What Is Eyelid Ptosis?
Ptosis is the medical term for a drooping upper eyelid. This problem affects approximately 5 percent of the population and can affect vision and appearance. The prevalence of this condition increases in the elderly.
What Causes Droopy Eyelids?
Eyelid ptosis can occur from many causes. The most common cause is aging, when the attachments of the eyelid lifting muscle weaken with advancing age.
The muscle works, but its tendon does not have the same lifting ability and hence the eyelid droops. Some patients are born with a congenital defect in the muscle also causing ptosis.
Symptoms of Ptosis
Ptosis is easily diagnosed. The obvious asymmetry of the droopy eyelids are a give away to this condition. However, there are some differences between Ptosis in children and in adults.
Ptosis in Children
Children that are born with drooping eyelids suffer from “congenital ptosis”, which is caused by issues in the muscle that lifts the eye. Additional symptoms of this disorder include asymmetrical upper eyelid creases. Children born with this condition tend to develop habits of lifting their eyebrows and tilting their heads backwards to make up for their vision impairment. In many cases of congenital ptosis, both eyelids begin to droop.
Ptosis in Adults
When adults develop Ptosis, it is due to the gradual weakening of the eyelids. Patients tend to exhibit difficulty reading and increased vision impairment.
Risk Factors of Upper Eyelid Ptosis
Risk factors for the development of eyelid ptosis include trauma, contact lens wear, and some neurological conditions such as myasthenia gravis. In addition, with aging, excess skin and bags around the eyes can also develop, leading to the tired, sleepy look.
The condition can be either unilateral (one side) or bilateral (both sides). When the drooping is mild, it may be barely noticeable and not impair vision. When severe, the upper eyelid can encroach upon the pupil, causing loss of peripheral vision (side vision). The central visual acuity, the vision necessary for reading an eye chart, is usually not impaired.
Dr. Fante performs a special test, a visual field test to determine if the eyelid ptosis is affecting vision. In some cases, where there is vision obstruction, medical insurance may cover some or all of the costs for surgery. Some patients may also elect to have the surgery for cosmetic reasons. Children with ptosis usually need to have the eyelid(s) repaired to permit normal visual development, and for them, surgery is never cosmetic.
Droopy Eyelid Treatment
A surgical procedure, similar to blepharoplasty, can be performed to repair drooping eyelids and restore them to their natural shape and contour. Dr. Fante has performed thousands of ptosis repair operations. The procedure is performed usually under local anesthesia as an outpatient. The surgery is painless, takes less than an hour and patients can usually resume their normal activities in about a week. Dr. Fante operates at many of the surgery centers and hospitals in the Denver metro area. He also operates in Goodland, Kansas.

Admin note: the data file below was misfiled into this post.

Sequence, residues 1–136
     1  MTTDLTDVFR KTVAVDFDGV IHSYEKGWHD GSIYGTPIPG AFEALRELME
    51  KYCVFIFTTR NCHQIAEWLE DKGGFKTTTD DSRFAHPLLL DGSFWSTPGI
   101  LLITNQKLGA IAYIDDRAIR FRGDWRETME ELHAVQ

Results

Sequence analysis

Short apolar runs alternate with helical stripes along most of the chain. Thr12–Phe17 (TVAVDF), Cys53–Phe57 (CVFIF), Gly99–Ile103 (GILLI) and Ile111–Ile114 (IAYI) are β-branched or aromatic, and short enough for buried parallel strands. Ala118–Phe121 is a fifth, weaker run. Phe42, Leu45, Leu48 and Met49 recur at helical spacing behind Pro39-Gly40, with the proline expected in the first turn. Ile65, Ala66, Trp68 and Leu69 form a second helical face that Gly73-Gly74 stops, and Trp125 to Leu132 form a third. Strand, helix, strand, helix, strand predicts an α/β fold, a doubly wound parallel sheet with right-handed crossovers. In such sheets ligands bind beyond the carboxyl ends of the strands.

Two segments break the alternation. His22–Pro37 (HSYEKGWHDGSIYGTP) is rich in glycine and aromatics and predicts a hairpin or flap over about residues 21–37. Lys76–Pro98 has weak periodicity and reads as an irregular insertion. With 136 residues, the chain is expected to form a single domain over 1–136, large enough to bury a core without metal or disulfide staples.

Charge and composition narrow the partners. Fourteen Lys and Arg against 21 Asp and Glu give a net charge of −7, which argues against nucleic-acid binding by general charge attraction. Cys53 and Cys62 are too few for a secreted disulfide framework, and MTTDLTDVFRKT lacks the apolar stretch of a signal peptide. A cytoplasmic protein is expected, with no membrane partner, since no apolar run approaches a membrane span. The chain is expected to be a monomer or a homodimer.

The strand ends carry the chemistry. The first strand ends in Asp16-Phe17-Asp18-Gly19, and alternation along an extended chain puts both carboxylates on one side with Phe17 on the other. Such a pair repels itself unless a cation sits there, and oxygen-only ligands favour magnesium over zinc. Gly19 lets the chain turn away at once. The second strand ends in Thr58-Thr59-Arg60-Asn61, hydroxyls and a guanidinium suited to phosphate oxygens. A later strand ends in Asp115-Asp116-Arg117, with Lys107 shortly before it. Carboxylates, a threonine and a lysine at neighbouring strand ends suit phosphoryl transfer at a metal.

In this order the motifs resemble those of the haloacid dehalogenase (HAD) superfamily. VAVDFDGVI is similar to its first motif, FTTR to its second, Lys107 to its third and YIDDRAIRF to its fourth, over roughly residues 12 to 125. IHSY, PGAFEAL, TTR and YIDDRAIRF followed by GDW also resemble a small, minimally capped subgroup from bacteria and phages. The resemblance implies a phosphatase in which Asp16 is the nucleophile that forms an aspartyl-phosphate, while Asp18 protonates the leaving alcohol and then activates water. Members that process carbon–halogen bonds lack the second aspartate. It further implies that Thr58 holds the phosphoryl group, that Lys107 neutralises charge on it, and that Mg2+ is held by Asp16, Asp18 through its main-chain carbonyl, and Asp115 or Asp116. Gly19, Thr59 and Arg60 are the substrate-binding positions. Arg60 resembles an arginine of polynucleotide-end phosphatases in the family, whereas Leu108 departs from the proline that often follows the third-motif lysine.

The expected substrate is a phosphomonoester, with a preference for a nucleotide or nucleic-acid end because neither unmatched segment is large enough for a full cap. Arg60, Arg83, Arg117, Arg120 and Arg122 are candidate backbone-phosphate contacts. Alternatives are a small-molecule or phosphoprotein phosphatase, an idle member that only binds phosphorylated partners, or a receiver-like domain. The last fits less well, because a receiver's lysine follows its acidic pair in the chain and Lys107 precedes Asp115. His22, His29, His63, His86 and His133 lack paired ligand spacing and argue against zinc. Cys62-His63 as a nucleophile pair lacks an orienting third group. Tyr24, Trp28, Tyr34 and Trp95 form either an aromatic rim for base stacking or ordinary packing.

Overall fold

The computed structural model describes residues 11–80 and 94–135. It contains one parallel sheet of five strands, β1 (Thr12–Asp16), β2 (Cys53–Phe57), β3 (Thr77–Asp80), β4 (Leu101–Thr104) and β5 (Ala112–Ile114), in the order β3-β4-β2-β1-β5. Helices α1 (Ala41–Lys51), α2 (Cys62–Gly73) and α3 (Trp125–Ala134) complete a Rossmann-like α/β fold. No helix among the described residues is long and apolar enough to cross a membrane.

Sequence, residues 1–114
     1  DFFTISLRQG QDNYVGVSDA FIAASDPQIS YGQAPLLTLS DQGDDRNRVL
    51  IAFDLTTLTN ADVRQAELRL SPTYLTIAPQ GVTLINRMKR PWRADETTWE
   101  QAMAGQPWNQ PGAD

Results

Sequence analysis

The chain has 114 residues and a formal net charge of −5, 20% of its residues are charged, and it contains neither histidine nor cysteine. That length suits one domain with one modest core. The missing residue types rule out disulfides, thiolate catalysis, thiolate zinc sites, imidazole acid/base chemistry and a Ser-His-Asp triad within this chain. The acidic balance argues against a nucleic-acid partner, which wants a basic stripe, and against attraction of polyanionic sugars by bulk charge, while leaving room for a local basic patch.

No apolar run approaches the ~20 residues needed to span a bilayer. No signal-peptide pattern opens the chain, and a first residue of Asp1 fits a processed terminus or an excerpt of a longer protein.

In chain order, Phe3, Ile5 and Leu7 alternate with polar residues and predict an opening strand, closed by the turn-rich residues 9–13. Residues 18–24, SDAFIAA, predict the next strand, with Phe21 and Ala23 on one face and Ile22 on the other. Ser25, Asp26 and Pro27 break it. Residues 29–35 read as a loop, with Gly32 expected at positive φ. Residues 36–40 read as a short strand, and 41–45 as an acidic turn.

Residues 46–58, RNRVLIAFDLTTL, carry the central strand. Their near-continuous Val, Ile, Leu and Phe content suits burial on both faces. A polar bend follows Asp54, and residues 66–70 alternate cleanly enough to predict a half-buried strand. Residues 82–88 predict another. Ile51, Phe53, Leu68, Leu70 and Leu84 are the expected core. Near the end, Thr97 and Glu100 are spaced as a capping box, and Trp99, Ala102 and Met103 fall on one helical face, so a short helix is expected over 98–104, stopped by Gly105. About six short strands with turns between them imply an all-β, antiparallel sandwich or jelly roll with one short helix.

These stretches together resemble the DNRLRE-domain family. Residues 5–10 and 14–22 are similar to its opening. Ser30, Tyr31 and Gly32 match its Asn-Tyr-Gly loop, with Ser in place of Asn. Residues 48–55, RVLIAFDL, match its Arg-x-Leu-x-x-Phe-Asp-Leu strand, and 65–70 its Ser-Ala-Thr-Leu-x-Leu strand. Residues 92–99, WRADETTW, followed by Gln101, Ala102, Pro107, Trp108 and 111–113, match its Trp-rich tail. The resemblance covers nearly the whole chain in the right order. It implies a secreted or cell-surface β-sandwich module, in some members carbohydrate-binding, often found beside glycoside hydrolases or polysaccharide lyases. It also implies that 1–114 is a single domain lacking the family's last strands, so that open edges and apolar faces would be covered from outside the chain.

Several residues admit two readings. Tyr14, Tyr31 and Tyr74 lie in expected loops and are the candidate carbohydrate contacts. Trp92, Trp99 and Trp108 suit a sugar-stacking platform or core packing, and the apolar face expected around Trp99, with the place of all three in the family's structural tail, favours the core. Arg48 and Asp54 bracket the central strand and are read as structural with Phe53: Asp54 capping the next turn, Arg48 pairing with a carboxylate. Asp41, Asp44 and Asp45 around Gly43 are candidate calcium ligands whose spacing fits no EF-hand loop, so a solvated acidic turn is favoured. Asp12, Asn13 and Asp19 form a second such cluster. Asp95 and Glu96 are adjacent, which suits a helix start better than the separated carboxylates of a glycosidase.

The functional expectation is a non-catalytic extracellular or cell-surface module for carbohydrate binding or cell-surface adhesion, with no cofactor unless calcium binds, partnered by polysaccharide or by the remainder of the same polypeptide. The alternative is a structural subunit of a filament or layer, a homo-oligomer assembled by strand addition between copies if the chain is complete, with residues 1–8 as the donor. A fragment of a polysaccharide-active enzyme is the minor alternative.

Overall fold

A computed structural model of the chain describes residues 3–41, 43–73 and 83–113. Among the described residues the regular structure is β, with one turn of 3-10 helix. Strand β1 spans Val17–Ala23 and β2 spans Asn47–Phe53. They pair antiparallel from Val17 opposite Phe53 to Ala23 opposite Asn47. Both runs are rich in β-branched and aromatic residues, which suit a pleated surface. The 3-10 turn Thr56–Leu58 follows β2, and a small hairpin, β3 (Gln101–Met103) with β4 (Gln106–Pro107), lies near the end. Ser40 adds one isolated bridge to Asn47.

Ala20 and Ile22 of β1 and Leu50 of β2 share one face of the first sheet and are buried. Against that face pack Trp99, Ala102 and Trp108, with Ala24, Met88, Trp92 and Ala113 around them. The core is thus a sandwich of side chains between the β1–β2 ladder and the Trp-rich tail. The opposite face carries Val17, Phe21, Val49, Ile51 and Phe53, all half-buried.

How Experienced is Dr. Fante in Eyelid Ptosis Repair?
Dr. Fante has tremendous experience in all facets of oculofacial plastic surgery and been in practice for over 20 years He is involved in the educational community and is well aware of the latest technologies. He is open, honest, and always willing to answer any specific questions in your consultation.
Ptosis Repair Patient Testimonials
“I was quite nervous about having a procedure to lift drooping eyelids. After meeting with staff and Dr. Fante I felt more confident. The Dr. took time to address all of my concerns and reservations. There was no pressure to have the procedure done. After discussing all of the pros and cons I decided to set a date to have the procedure done. Everyone in the office was very polite and supportive.”
Mary-Jane G. – Google Review
Ptosis Surgery Recovery
Most surgical procedures that are performed in an operating room will cause swelling and bruising and will have sutures that require care for the first week or two. During this period, you’ll be able to see, move about, and accomplish a lot, but you will probably have at least one “black” eye.
We ask our patients to avoid strenuous activities for the first week or two. We also give patients more specific instructions on travel, bathing, and post-op care. Your healing will be dependent on which procedure you are having done, your compliance to pre and post-operative instructions, and your overall health. We will do our very best to make sure that you have all the information you and your caregivers will need to provide the best care possible. We are always here to help and available if any questions or concerns arise.
Most people, depending on their surgery, will return to work in 7 – 14 days. Some more, some less. This is very dependent upon the type of surgery you need, your occupation, and your compliance to post operative instructions. For some smaller repairs, you might be able to return to work in 2-3 days, particularly if you can work with bruises on your face.
Schedule a Consultation
For more information about eyelid ptosis and other reconstructive procedures visit our office in Denver, CO! Call (303) 839-1616 today to schedule a consultation with top plastic surgeon Dr. Robert Fante.